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My training career – Iain Barry Reynolds


As part of our feature on trainer development, we asked TrainingZONE members to tell us a bit about how they came to be involved in the training profession, and offer some thoughts on what it means to be a trainer today. We received a fantastic selection of responses, which will be published throughout the month. Here, Iain Barry Reynolds gives his response.

  1. What's your current job role?

    Management & Personal Development Training Manager for Capita Insurance Services.

  2. What did you do before this job?

    Prior to this I was a regional training and development manager for the crown prosecution service.

  3. Describe your route into training

    Like many others, training just sort of happened. I was a team manager in the cps and was asked to deliver some basic technical training, I got the bug and went on a train the trainer course. I was gradually asked to do more and more delivery and finished up covering for the Area Training Officer while she was on maternity leave. In the meantime I'd started a part time degree in business studies and during the course enjoyed the assessed presentation so much that I decided I'd like to get into training on a more permanent basis.

    At the end of my degree I was asked if I would like to do some part-time lecturing for the University, which I did and really enjoyed. Round about the same time, I signed up for delivering a national training programme within CPS which involved training lawyers to explain decisions to victims of crime. This was a very demanding and enlightening project which involved a high degree of culture change through face to face training. At the end of this project I found myself back at Regional training level covering maternity leave, due to a slightly uncertain future and the desire to break out into the private sector I began searching for training jobs outside the civil service and finished up in the job I currently do.

  4. Did you always want to work in training and development?

    No, I'd never even considered it until I was asked to do some delivery, and just got hooked.

  5. What would you say has been the most significant event in your career to date?

    Running an external event for the CPS jointly with other justice agencies in the aftermath of the Stephen Lawrence enquiry. We used open space technology to get veiws and ideas from 700 members of the public who attended which formed the basis of a joint policy on driving forward change in equality and diversity in the service the agencies provided. The speed and scale of the project was vast.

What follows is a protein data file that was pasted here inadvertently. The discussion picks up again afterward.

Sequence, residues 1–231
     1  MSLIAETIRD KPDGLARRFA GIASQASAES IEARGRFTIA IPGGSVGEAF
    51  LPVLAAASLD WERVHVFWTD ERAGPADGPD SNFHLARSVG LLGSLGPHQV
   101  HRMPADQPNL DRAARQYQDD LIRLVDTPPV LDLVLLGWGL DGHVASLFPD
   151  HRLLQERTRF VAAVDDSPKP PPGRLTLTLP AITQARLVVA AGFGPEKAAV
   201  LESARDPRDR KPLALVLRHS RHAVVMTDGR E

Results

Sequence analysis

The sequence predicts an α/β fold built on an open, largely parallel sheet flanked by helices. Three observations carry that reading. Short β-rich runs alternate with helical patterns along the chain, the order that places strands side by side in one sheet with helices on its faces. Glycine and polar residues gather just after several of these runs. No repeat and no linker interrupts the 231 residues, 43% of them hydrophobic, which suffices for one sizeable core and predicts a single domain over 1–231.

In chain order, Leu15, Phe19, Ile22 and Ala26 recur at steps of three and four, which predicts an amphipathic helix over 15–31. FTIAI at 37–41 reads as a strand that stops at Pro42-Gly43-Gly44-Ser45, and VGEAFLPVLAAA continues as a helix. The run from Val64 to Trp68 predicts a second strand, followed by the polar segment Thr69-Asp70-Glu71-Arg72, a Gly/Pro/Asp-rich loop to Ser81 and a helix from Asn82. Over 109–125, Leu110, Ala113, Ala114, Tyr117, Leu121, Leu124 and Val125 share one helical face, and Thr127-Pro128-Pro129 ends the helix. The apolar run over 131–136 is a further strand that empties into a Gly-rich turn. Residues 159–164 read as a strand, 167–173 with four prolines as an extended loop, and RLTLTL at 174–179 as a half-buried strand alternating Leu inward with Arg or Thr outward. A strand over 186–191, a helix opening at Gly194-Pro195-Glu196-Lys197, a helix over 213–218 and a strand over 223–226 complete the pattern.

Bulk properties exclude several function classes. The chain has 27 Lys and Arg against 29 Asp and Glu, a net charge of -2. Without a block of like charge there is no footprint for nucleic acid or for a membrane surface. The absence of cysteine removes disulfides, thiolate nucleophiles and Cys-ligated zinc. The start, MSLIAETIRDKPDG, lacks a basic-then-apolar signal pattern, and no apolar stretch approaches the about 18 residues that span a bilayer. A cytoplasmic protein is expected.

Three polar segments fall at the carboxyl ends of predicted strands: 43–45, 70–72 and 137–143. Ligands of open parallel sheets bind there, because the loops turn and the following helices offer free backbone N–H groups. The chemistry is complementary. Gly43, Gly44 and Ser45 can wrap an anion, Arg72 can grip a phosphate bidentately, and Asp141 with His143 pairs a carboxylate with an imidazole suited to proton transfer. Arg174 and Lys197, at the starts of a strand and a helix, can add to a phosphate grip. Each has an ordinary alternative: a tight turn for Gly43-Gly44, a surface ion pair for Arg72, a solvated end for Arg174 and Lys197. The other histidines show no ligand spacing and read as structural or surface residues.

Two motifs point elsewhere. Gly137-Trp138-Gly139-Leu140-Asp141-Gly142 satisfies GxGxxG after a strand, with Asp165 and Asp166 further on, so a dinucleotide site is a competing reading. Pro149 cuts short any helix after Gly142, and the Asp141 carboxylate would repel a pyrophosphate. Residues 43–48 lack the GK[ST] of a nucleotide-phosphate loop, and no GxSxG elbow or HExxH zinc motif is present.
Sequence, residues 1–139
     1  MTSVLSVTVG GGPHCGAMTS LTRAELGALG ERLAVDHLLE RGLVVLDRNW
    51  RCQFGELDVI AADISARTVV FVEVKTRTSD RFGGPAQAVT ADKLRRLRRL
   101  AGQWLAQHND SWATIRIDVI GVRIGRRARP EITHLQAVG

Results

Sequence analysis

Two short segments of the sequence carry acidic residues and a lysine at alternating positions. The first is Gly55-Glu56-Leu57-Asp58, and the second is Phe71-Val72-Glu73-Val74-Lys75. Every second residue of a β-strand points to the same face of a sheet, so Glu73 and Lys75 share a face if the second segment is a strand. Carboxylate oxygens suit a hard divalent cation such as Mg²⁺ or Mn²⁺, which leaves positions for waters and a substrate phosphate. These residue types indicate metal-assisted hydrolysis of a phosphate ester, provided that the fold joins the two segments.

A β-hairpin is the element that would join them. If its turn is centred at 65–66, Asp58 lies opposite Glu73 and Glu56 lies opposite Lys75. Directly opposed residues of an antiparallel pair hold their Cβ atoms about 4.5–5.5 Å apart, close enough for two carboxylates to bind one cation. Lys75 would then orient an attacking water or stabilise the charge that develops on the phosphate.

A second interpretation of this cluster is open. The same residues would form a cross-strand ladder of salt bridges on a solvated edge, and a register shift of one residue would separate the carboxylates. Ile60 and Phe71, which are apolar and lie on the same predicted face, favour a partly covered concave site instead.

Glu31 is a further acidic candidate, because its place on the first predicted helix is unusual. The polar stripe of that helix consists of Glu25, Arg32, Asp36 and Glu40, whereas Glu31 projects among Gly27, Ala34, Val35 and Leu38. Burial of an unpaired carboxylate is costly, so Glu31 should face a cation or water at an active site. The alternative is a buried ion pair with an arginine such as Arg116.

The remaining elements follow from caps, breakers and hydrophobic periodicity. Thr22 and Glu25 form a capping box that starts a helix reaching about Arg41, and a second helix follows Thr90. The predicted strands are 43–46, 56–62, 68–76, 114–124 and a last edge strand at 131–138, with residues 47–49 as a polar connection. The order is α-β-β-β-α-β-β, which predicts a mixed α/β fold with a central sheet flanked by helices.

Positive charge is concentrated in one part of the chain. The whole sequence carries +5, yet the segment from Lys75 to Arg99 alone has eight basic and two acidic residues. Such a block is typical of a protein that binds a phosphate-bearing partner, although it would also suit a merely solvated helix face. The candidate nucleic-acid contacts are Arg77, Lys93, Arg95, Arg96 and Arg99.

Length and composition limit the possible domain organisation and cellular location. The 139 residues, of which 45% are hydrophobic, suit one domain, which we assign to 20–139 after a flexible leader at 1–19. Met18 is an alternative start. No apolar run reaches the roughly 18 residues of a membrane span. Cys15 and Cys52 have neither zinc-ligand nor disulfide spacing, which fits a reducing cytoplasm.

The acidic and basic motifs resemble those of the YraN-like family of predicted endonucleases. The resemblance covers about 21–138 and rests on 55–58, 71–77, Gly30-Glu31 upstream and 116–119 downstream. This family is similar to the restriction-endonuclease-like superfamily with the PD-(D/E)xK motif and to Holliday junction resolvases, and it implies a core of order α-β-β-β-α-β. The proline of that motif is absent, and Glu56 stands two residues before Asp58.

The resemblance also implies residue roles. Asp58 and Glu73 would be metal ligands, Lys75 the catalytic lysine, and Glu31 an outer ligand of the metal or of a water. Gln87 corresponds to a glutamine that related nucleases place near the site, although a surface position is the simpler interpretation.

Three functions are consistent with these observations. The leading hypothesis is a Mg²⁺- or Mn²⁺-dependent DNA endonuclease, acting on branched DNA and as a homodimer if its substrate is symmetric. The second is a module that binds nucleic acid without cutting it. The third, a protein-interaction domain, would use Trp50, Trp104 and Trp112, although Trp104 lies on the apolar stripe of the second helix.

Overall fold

6. How do you think the role of the trainer has changed since you began your training career?

    It's a bit contradictory to say this, on the one hand there is a far greater commitment from organisations to ensure staff receive training, particularly through things like IiP, however the training is much more focused on business outcomes and timimg is much tighter. I used to have a whole five days to deliver train the trainer for occassional trainers, recently I had to do this in two. I am also a bit of a technophobe when it comes to PowerPoint, I find alot of material relies far too much on this medium and people have lost sight of the purpose of visual aids, it's become the training equivalent of autocue, however, delegates don't feel they've had a quality course unless there has been some kind of slide show (perhaps a cultural thing to do with my current organisation?).

  7. What single thing would improve your working life?

    I'm probably quite fortunate at present, I can't think of anything, but then I moved from the CPS to get away from alot of things I didn't like.

  8. What's your favourite part of the TrainingZONE site?

    Any Answers, without a doubt, the friendly, helpful and supportive input from other trainers makes it feel like a real community. Even reading the questions others have posted is reassuring to know that you're not the only one struggling to put together a piece of work on a particular topic, I don't have any specific ideas as to how, but it would be good if this aspect could be built on in someway.

  9. Do you have any advice for those looking to embark on a career in training?

    Stay grounded and if things go wrong always check your approach first, but also believing you can do it is 90% of the battle.

  10. What do you think are the biggest challenges facing the trainer today?

    The desire to condense material. Some behavioural training just simply cannot be reduced to a half hour session, without losing time for people toi reflect and practice the skills.


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